I’m already looking forward to November’s Frost Moon and run.
You knew it had to eventually happen, right? Our trio of women, bold enough to run in the dark by the light of the full moon,* have morphed into an exclusive little running club. I’d like to officially present the Lunar B*tches Running Club! A few facts about our group:
- Frequency of meetings: monthly.
- Distance: 5-7 miles.
- Pace: varied depending upon conversation and hills, usually ~5.5 – 6.0 mph
- Benefits: personal sanity, grownup interactions, strong legs and tight butts.
- Qualifications: see above
Last night we did about 6.5 miles at a fairly consistent pace. We spent some time at Capital Hills which, aside from real-deal hills, also has the convenience of water stations (amazingly cold water stations) and a bathroom for a midway pit stop. The fireflies and soft rain added a bit of a magical touch to the run and we were three very satisfied mommies when we wrapped up our evening.
Already looking forward to August…
*we didn’t actually see the moon last night, but headlamps provide illumination in a pinch.
I had a conversation a couple of weeks ago with one of my boys and I declared some behavior of his to be rather odd. Not in an overly critical fashion, it was merely an observation or impression. He accepted my remark with a laugh and then countered with “You like to run at night. That’s weird.” Guilty, without even an attempt to plead it down.
I’ve got a couple of women with whom I’m always happy to run. We have a similar pace and an unspoken comfort level with whether to talk or not, to speed up or back off. It’s awesome to be able share races and rambles with my friends and, as often as possible, we like to get together for a special Full Moon Run. Last night was our night and it was absolutely epic.
The day had been hot with increasing humidity. When we got out it was close to 9pm and the moon was playing coy. The solstice had made the evening feel particularly leisurely, and we headed out at an easy pace. Our planned route took us down the fabled yellowbrick road and through the Normanskill meadows. We were greeted by flickering fireflies and a delicious dampness in the air.
The uphills quickly out measured the downhills and we worked really hard. I know I’m not alone in admitting the amount of effort, a literal pain in the ass, it took to climb the back 9. At 2 miles, we took a brief break to take advantage of the water station on the golf course and then continued towards the club house and New Scotland Ave.
My intention had originally been to hang a right on Whitehall Rd and head back to my place, however as we approached the intersection, we all agreed it was too soon to head home. We continued on New Scotland and did the long “big girl” loop back to Academy, adding another couple of miles to the run.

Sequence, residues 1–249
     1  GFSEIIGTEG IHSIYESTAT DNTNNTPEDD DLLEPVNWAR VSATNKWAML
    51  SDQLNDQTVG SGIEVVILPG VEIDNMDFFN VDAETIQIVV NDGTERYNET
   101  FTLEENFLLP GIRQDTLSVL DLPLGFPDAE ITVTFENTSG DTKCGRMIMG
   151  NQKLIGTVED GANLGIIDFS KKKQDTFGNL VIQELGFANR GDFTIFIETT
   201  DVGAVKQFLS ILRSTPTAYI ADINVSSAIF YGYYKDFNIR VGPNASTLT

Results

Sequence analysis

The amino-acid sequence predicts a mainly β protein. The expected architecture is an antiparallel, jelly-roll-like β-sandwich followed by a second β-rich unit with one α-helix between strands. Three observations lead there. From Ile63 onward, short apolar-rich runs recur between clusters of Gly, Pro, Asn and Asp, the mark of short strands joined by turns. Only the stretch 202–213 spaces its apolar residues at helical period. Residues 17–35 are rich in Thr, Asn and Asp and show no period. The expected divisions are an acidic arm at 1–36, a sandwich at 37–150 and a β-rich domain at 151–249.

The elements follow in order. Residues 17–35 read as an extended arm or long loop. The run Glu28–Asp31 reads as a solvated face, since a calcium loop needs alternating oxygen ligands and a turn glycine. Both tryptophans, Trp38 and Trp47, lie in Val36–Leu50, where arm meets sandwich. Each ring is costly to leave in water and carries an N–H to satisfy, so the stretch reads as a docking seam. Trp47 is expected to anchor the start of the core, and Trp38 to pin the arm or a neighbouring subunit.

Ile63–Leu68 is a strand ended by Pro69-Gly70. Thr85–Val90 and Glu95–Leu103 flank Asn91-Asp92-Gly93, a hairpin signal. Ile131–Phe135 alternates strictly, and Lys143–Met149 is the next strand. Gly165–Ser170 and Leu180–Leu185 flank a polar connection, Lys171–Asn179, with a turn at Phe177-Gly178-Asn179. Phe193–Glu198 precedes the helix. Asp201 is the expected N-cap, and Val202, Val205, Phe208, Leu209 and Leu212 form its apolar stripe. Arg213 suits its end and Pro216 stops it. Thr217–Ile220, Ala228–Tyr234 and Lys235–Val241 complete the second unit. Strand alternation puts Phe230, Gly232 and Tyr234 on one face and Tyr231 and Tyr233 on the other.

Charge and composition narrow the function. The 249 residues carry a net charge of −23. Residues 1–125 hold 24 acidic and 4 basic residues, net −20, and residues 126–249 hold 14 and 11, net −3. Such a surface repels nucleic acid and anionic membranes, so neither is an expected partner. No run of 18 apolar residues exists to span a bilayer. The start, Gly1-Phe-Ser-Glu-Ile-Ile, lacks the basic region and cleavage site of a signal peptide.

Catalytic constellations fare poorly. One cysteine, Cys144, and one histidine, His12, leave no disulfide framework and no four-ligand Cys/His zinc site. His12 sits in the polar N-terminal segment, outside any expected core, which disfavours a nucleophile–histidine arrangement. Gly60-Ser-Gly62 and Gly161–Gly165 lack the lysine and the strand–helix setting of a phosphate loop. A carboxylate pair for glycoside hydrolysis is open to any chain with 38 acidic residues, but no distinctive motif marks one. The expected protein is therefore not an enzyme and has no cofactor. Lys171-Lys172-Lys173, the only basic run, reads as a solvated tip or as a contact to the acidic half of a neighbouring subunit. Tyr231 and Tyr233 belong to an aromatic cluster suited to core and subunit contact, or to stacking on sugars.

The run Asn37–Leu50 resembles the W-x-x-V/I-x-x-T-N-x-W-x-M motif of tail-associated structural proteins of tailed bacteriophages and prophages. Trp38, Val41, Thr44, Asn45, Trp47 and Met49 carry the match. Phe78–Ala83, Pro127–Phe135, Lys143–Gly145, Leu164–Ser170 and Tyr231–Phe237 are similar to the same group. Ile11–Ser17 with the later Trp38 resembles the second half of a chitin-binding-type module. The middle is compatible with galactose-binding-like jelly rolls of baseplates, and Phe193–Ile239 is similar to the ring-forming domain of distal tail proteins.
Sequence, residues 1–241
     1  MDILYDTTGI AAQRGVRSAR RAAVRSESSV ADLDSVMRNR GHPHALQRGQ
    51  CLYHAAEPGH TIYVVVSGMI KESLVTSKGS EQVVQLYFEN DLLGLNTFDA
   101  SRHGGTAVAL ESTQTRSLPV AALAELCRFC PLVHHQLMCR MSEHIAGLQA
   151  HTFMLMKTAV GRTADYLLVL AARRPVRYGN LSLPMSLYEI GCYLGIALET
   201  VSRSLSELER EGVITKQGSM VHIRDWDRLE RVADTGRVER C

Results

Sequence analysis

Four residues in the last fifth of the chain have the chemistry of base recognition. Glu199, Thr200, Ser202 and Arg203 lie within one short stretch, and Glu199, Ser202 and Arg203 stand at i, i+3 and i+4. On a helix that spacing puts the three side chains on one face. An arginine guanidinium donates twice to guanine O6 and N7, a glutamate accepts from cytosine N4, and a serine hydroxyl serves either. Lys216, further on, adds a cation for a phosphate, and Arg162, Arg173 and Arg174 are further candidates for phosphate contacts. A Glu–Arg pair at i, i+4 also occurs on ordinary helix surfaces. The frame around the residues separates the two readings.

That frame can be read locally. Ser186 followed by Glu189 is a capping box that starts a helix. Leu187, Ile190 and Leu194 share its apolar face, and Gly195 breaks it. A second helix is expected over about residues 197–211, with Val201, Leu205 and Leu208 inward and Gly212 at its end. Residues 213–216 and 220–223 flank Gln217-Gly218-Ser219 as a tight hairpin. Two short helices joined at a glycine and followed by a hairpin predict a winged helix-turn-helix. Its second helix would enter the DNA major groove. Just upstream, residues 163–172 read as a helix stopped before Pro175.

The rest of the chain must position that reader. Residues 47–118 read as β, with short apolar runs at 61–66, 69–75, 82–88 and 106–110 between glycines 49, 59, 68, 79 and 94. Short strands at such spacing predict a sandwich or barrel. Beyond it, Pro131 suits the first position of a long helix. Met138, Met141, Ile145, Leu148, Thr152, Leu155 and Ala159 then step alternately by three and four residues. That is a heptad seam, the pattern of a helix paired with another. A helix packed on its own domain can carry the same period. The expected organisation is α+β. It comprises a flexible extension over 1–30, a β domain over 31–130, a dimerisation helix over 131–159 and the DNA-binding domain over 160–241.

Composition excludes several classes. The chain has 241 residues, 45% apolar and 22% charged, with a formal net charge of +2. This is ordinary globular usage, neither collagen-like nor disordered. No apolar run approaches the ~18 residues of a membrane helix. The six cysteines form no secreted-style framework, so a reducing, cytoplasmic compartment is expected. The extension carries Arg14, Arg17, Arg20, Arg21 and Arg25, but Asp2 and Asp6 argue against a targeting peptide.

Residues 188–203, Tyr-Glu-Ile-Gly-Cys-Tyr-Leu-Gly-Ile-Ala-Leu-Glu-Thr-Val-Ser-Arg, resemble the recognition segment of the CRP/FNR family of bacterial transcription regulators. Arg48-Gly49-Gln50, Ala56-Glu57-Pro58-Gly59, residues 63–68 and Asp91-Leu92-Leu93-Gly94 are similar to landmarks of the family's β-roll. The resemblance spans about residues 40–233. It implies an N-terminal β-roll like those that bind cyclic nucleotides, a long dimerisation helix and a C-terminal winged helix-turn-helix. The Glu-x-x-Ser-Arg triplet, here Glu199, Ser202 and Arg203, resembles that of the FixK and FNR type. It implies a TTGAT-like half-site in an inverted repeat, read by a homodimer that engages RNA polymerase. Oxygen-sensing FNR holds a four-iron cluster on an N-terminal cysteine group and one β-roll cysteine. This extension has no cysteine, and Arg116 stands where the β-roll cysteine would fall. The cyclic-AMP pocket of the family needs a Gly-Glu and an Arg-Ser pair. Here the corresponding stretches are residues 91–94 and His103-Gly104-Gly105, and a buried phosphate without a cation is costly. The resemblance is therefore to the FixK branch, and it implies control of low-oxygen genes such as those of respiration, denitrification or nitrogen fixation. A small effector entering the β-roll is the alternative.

Ultimately, we did nearly 7 blissful miles. We cooled down on my stoop, with beers, under the light of the silvery moon. It was, without a doubt, when one of my favorite runs ever – comfortable in more ways than I could explain, even to myself. Perfect – something I don’t say (or even attempt to achieve) very often. Who wants in for next month?
* a nod to Tom Petty and The Heartbreakers @SPAC, obviously.
Despite the fact that the conditions were dangerously icy yesterday and I fell multiple times, jamming my thumb really hard once and landing on my ass hard enough to create a bruise that I almost felt compelled to name, I absolutely LOVE cross-country skiing. If you haven’t given it a try because you mistakenly believe it to be for old, slow people, you, my friend, are sadly mistaken. We’re at the point where we need a new snowfall to get the conditions back to where they had been for the past couple of weeks, but my own skis are in my car for the duration. There is no better time to be had than tooling around
Albany Muni Capital Hills with a couple of friends and a flask filled with homemade limoncello. That is upstate winter living at its finest!
View from a lower trail
Snow goddesses abound!
Spectacular sunsets, too!
Filed under Albany, beauty, Exercise, favorites, friends, Local, Normanskill, Recommendations, snow, Uncategorized, upstate New York, winter, x-country skiing
Today, without a doubt, was the best cross-country skiing I’ve been fortunate enough to enjoy in the past 2 winters. The company, the conditions, the lighting, it was all perfect. The only thing that ever so slightly marred the afternoon was an exchange we observed between a couple as we headed up a hill following our loop through the back nine. We decided to climb one of the steeper hills rather than remain on the slightly groomed path that skirted around the golf course. As we duck walked up the hill, we watched a mom climbing up the hill with two sleds in tow, one of which had a cute passenger of about 3 years-old. As she steadily made her way up the hill, a man, comfortably ensconced at the top of the hill, yelled down to her. Words of encouragement, you might assume. Or, perhaps, an offer of assistance, right? No, it wasn’t either of those things he was conveying. What he said, repeatedly, was “You can’t do that” followed by “You know you can’t do that, don’t you?” I honestly don’t know if it is a function of my age or my personality, but I was immediately pissed. How dare he tell her what she was and was not capable of doing? Was she somehow internalizing his lack of confidence in her? How were those boys she was shepherding up the hill processing the man’s skepticism in her ability to help them to reach the top? I stared daggers at the guy as my friend and I not-so-quietly talked about what an ass he was. Screw him.